Tuesday, January 29, 2008

Amsterdam Maximator Beer, not for me

I will drink anything... but this stuff was nasty. Do not get me wrong, on a desert island with an ugly bird this might be a savior.

This is one of the strange imports that show up in Costa Rica.

It was worth trying, but I would rather drink 5 times as much beer and take a few extra trips to the head, than have to drink this all night.

I saw a review by Rostise and Maverick, and loved the read... but I still despise the brew.

Side Note: I did buy three of them and drank them all; I didn't like it, but I did it. I am some hypocrite.

Thursday, January 10, 2008

I Miss A Good Pint Of Beer - Prequel to Beer of Costa Rica

As an ex-patriot living in Latin America, one of the questions that I always get is, "Is there anything that you miss?"

In the beginning, I would mention little things like "good deli meats," or "Diet Doctor Pepper." However, things have changed down here and I can get just about anything I want. Additionally, the honeymoon of "living in paradise" is over, and only the big ones count... In short, there is still a major deficiency that lurks: BEER.

I totally fucking miss beer, but not just beer- great beer; served out of a tap in a heavy glass pint; beer, stout, ale... ice cold, or just above room temperature.

I miss going to a bar or pub and watching the barman pull the Guinness tap and watch it pour and slowly separate like I am watching a documentary on the on the creation of Heaven and Earth.

I miss going to a random microbrewery, like Three Floyds, putting the beer menu on the table, and telling the server to "pick me a good one." Then, repeating the process as many times as I can until my the ability to make sense is lost, while making a good attempt to try every beer that they have on the menu.

Sure, we have beer here in Costa Rica, but let me assure you that I totally took great beer for granted.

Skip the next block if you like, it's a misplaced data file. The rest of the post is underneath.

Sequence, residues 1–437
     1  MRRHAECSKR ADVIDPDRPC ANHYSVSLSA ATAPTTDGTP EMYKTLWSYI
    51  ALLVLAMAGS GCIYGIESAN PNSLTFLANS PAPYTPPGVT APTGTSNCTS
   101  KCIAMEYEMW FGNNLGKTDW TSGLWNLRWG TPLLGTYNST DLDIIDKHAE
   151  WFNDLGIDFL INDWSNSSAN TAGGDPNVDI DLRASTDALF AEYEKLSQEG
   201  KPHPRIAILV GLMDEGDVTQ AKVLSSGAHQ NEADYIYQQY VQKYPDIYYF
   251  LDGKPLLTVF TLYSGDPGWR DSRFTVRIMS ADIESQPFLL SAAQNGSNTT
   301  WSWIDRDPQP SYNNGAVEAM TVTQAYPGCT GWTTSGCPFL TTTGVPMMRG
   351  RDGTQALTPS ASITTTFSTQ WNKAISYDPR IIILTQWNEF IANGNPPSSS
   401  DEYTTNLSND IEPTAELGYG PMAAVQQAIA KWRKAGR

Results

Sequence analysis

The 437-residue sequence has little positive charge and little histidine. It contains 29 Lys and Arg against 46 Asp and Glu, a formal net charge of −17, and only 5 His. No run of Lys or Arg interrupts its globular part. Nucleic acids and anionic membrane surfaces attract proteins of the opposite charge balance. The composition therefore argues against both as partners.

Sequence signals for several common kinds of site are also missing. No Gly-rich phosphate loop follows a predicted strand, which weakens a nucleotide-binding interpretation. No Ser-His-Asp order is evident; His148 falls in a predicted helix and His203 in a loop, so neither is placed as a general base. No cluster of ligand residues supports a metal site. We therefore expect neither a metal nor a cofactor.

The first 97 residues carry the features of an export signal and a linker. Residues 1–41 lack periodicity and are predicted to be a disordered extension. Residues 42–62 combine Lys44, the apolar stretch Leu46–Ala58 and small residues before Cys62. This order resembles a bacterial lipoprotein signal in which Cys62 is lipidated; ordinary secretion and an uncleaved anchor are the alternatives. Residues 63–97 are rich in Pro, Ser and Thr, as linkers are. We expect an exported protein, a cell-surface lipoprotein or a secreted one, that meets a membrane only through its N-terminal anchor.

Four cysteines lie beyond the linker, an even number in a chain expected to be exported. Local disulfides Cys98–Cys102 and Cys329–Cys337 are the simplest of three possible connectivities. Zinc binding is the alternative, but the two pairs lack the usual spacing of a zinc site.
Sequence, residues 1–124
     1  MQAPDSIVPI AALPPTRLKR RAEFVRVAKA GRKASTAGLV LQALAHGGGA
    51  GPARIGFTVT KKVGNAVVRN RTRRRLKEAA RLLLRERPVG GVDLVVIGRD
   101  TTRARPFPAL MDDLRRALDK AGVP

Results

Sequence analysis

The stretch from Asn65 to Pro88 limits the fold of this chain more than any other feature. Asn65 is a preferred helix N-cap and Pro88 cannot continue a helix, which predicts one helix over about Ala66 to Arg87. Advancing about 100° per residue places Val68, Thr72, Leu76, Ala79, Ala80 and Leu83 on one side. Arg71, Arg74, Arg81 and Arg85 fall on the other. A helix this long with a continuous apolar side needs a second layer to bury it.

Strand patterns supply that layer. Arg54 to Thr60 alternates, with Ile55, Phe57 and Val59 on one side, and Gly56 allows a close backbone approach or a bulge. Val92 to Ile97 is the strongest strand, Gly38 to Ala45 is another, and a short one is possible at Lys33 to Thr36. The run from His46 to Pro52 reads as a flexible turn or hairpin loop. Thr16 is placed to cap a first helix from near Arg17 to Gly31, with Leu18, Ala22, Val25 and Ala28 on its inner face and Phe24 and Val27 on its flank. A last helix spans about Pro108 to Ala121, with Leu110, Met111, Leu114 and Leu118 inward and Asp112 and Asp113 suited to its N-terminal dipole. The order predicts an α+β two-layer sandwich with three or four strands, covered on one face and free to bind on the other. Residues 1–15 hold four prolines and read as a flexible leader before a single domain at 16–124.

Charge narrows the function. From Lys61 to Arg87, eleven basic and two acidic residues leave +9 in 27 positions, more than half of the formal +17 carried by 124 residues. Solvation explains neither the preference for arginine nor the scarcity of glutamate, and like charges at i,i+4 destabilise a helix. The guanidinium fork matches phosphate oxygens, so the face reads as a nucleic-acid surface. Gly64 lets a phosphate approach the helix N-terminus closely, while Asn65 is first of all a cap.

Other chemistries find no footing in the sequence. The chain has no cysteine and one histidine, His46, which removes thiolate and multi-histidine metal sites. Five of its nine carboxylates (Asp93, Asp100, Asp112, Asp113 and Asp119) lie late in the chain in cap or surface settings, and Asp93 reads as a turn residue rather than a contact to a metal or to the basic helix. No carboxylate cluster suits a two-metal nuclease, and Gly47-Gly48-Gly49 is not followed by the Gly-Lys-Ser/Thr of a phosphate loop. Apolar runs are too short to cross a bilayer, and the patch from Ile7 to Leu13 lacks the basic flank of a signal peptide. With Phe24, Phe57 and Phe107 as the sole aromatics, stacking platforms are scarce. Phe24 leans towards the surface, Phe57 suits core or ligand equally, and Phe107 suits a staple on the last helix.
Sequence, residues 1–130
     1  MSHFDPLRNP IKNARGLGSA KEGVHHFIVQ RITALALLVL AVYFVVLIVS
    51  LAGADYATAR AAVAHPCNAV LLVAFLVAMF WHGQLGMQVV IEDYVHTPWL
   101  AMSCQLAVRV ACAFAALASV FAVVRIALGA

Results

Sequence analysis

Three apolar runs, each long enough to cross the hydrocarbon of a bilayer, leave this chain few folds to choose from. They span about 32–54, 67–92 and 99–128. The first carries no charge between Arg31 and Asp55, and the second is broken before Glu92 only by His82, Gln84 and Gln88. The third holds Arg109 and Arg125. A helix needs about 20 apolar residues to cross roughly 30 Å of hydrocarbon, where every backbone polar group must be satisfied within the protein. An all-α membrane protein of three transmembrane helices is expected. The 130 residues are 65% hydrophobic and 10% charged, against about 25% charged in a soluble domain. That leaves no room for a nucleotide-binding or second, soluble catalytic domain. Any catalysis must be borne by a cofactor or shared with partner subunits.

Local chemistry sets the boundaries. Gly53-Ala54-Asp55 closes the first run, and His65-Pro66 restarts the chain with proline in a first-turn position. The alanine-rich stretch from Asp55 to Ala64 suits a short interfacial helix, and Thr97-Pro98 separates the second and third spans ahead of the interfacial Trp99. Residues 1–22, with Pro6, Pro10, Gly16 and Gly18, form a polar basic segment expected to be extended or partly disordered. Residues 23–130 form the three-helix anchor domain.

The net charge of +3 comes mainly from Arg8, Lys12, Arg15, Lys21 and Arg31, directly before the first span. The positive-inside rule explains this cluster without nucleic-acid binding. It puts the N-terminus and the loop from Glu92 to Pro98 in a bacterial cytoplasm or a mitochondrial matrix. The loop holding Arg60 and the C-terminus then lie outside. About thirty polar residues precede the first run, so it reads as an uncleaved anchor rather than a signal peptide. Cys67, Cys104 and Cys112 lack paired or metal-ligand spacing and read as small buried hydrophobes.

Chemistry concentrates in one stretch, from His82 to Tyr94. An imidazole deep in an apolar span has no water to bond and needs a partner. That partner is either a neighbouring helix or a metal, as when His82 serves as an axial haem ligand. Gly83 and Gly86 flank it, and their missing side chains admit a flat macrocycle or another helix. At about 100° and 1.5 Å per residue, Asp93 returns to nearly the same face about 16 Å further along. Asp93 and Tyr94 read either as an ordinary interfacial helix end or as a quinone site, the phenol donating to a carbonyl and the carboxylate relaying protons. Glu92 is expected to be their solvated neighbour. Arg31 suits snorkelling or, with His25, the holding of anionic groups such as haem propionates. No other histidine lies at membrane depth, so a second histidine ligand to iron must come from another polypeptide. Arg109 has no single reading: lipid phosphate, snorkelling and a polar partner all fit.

Costa Rico offers a handful of national beers (upcoming post), and we also get a fair bit of European imports, but it just is not the same.

Well, off for a glass of Whiskey (Jameson 12 I think).

Next post (unless something really interesting happens)... Beers of Costa Rica

Monday, January 7, 2008

Grand Old Parr - The Unknown Blended Whisky

A lot of whisky drinkers feel that blended whiskies are the backwash of the rest. I agree that when looking for truly unique whisky/whiskey experiences, single malts are the way to go- but sometimes I just want a reliable and tasty drink, and I want to drink it until I get drunk.

Enter: the Grand Old Parr...

Named after the "oldest" (supposedly the oldest) man to have lived in England, Thomas Parr, the Grand Old Parr was an unknown whisky for me until I got to Costa Rica. In fact, it was so unknown that for a long time I figured it to be flat out bad. That is not the case at all.

Just to give you a point of comparison, searching "Grand Old Parr" in Google results in about 20,300, searching "The Famous Grouse" results in about 74,300.

The Grand Old Parr is a 12 year blended whisky that is as good if not better than any of the other mass market blended whiskies out there. It's presentation is totally unique. It is generally sold in a gold box and always in a square brown bottle with an interesting texture on the outside. Side note: I have often thought of building a small table lamp out of the bottle.